Shadi completed the process of getting his Kentucky driver’s license. He passed the written exam in Arabic and practiced with church members for the driving test. Through the generosity of a church family, a used car was donated to KRM for the family as well. When asked what the biggest challenge of resettlement was, Hanadi immediately said, “The bus!” Despite the day-to-day difficulties, the family has established their routines and learned their way around the neighborhood. They can do their own grocery shopping and make sure the children get to school. They have made friends in the Syrian community. In November, the Antakli family hosted an evening meal for members of the Highland resettlement team, an event that was greatly enjoyed by all those who attended. In December, Shadi was hired to work at Anderson Wood. As a carpenter, Shadi can use his skill and trade in his first job in the United States.

 

Lee Welch emphasized that KRM will be available for any services that are still needed for the next five years. However, the family seems to be well on their way to independence and self-sufficiency. Several team members will continue their connections in a more informal way. Judy Stubbs has given invaluable aid with her twice-weekly tutoring sessions with the family, and others have provided transportation, playtime and learning with the children, and information about resources. It has been a joyous experience for all involved, and a welcome antidote to the negative media attention to “dangers” of resettlement of Syrian refugees. The Antaklis are aware of the fear-based messages in the news, and they wanted to assure everyone that “Syrians are good people!” We hope we can ease their way into their new life by continuing to make them feel welcome and secure in their new home.

 

Editor’s Note: A special thank you goes to the many hands that allowed Highland to support the Antakli’s. Many people offered support, but these individuals provided a high level of commitment during our co-sponsorship: Terry Fontenot, Mary Ellen Peacock, Eric and Julie Hansen, Tracy Morrison, Judy Stubbs, Dean Adams, Kathy Reed, Steven Holmes, Stephanie Letson, and Mary Ellen Harned.

Minute for Mission

Cynthia M. Campbell delivered this Minute for Mission in worship on Sunday, November 22, 2015 about Kentucky Refugee Ministries and Refugee Resettlement.

 

Twenty-five years ago, Donna Craig, a member of this congregation, began a mission project to resettle refugees fleeing violence in Central America. Today, Kentucky Refugee Ministries is an independent, non-profit agency that operates out of our Pleune-Mobley Building. It settles over 1,000 refugees each year. On any given day, approximately 100 people come to KRM to learn English, to begin the process of finding employment, to sign up for medical insurance, to get help registering their children in school, to start the process of becoming citizens of the United States.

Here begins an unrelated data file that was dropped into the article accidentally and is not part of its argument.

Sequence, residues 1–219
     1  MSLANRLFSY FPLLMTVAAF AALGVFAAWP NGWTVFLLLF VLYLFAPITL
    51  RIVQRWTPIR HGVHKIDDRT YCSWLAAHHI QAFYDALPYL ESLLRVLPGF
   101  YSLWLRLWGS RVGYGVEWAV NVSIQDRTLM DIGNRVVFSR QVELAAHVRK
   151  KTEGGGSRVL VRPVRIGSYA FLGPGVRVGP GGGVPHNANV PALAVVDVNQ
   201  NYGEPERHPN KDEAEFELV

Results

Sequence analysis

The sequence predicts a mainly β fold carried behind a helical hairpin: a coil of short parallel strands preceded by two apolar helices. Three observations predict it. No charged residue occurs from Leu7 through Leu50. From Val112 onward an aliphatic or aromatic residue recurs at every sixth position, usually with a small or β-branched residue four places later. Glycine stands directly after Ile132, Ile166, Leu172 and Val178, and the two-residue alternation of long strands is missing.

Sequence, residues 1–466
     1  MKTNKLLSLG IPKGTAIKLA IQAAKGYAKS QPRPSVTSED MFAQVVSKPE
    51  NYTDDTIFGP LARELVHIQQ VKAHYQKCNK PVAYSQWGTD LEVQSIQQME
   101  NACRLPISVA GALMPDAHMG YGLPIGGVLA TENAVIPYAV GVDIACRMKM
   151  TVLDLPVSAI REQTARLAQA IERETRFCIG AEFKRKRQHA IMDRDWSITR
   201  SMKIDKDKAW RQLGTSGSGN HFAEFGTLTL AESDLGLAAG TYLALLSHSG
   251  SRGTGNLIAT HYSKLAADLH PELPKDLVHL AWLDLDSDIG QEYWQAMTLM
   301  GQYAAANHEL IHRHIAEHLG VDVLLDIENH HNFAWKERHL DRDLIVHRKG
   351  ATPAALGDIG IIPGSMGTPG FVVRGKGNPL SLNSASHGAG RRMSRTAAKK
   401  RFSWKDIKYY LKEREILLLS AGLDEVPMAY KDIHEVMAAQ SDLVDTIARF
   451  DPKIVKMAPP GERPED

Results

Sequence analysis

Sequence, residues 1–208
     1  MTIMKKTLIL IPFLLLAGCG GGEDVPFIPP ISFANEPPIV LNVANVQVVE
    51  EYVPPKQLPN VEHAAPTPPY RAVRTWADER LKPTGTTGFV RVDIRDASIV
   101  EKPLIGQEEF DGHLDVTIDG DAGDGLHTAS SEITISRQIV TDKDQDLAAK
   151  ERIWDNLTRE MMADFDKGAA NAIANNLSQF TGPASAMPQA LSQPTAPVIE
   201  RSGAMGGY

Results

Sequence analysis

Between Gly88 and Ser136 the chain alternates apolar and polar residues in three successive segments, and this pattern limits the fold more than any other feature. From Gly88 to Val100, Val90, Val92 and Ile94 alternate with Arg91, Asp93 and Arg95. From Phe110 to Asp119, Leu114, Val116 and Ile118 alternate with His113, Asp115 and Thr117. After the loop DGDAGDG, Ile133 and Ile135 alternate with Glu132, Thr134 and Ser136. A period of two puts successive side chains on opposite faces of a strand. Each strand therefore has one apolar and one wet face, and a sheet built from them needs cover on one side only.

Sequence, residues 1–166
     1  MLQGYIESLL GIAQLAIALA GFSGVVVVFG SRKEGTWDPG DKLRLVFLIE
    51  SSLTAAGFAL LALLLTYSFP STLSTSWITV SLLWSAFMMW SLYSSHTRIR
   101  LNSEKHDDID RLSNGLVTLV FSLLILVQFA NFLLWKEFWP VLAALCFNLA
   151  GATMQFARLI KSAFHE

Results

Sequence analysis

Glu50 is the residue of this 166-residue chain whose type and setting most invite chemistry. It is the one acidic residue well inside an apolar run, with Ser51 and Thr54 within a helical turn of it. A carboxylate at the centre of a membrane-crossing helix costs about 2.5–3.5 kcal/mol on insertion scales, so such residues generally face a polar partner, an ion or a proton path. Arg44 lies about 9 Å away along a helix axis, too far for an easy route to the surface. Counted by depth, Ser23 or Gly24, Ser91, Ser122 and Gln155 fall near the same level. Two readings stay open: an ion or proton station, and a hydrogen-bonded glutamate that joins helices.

In the midst of a great deal of fear and confusion about refugees, especially refugees from Syria, I want to remind us of what these new neighbors of ours have been through. The process of coming to the United States is already incredibly rigorous. After fleeing their country, refugees register with the United Nations Refugee Agency which makes the determination of whether they merit refugee status. While they are living in camps outside their home country, biometric data is collected on each person by the UN agency. If refugee status is granted and if they seek resettlement in the U.S., refugees begin a rigorous screening process by various U.S. government agencies including the Department of Homeland Security and the State Department. Fingerprints and personal histories are thoroughly checked against watch-lists and databases in various intelligence agencies. The average processing time is 18-24 months. It is the most rigorous screening for any persons entering the U.S.

 

Most of the refugees resettled by agencies such as KRM are families – parents with the children. They are fleeing villages and cities that have been overrun by violence. They have left everything behind. They want what we all want: peace, the opportunity to send their children to school in safety; the ability to practice their faith without fear. John Koehlinger, Executive Director of KRM, writes: “How we treat refugees reflects our commitment to the values that define us as Americans…. Refugees have defied all odds to leave behind discrimination, threats and violence. Bringing your family here to build a better, safe life, is a quintessentially America thing to do.”

 

Yesterday, the Presbytery of Mid-Kentucky passed a resolution saying that we “affirm our commitment as followers of Jesus Christ to share the love of strangers and care for the vulnerable. We call upon our neighbors in Kentucky and our fellow citizens in the United States to join us in seeking to protect and provide hospitality to Syrian refugees. We call upon our state and national leaders to remember our nation’s commitment to inclusion and welcome, and to choose justice over fear in responding to those affected by the Syrian War.”

 

I am proud to be a member of the board of KRM, but in comparison to many of you, I am a newcomer to this ministry. I hope and pray that we will all now be part of a ministry to truth-telling to our fellow citizens as we continue to extend hospitality to families who have left everything behind in search of opportunity and peace.